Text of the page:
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#177024 - 08/03/09 04:26 PM Adding Well Water to Pond
Couppedeville Offline
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Registered: 08/03/09
Posts: 149
Loc: Louisiana, Washington
I am in the planning stages of digging out an exsisting 1 acre pond from 4' to a 2 acre pond with a maximum depth of 8'. I am considering having a 4" well dug to supply the pond with well water during the heated months in central Louisiana. My concerns are the cool water being pumped into the pond and affecting the water temperture causing problems for the fish. Can anyone shine some light on this concern?
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#177031 - 08/03/09 07:23 PM Re: Adding Well Water to Pond [Re: Couppedeville]
bobad Offline
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Registered: 06/02/05
Posts: 2365
Loc: Eunice, Louisiana
Welcome to the Pond Boss forum! It's always good to see another Louisianian on board.

Well water is not a problem! It's the best thing there is for a fish pond. The water is usually hard, and it often clears up the pond without adding chemicals.

Most well water has little dissolved oxygen. If you have already stocked fish, be careful not to run too much at a time with that big 4" well.
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#177033 - 08/03/09 07:54 PM Re: Adding Well Water to Pond [Re: bobad]
esshup Offline
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Registered: 01/26/09
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Loc: Grovertown, Indiana
Welcome to the forum!

If you run the water over some bio-balls or something like that, and get it bouncing pretty well, it will aerate itself. Cecil has a pretty good system using three 5 gallon buckets and running the water from one bucket to another. I think if you ask him nicely he will post a pic and a how-to. ;\)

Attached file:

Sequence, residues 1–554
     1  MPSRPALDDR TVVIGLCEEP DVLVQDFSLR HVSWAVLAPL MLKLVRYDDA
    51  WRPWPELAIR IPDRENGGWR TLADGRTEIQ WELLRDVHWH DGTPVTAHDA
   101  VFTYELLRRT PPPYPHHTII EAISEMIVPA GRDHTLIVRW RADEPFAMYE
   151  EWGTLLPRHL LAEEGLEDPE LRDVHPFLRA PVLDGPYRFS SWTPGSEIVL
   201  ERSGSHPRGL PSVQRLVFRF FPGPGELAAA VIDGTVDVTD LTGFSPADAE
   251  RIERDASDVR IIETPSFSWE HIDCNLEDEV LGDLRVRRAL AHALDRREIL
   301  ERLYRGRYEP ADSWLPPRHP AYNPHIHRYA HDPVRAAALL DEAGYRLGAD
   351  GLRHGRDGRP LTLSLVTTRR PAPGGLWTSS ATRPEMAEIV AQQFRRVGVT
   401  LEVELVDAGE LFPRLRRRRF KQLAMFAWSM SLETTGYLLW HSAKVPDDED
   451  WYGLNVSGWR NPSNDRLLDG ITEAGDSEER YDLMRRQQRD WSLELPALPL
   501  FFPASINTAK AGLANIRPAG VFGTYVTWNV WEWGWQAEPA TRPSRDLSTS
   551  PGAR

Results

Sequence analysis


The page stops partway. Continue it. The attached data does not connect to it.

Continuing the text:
Talk with the well driller and see if he can put two lengths of screen on the end of the 4" casing. It will allow more water to flow, and the screen will last longer. Any idea of how many gallons of water a minute the proposed well will flow?
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#177125 - 08/04/09 09:07 AM Re: Adding Well Water to Pond [Re: esshup]
jims place Offline
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Registered: 03/16/06
Posts: 370
Loc: Mulvane, Kansas
I pump 28 gpm of well water into my ¾ acre pond 24 hours a day during the summer months, my CC, LMB and HBG seem to love it. During the heat of the day they hang around the cooler water.



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#177402 - 08/05/09 05:35 PM Re: Adding Well Water to Pond [Re: jims place]
CoachB Offline
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Registered: 02/18/09
Posts: 563
Loc: Southeast Michigan
What a great dock setup! Looks great!
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#178165 - 08/10/09 11:04 AM Re: Adding Well Water to Pond [Re: CoachB]
deaner Offline
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Registered: 03/19/04
Posts: 396
Loc: wiggins mississippi
I fill my pond as needed with a 2 inch , 3 hp pump rated at 3600 gallons per hour. The water goes into a 5 gallon bucket that has holes drilled into the bottom and lower side. This bucket never over flows and I have enough oxygen with this manner of fill that I never have dead fish. I watch to make sure at all times that the fish are taking this water and it is not causing them any problems. My pond was filled with this well.

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#178191 - 08/10/09 02:09 PM Re: Adding Well Water to Pond [Re: deaner]
GeorgeS Offline
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Registered: 06/30/03
Posts: 78
Loc: Grapevine/ Tool, TX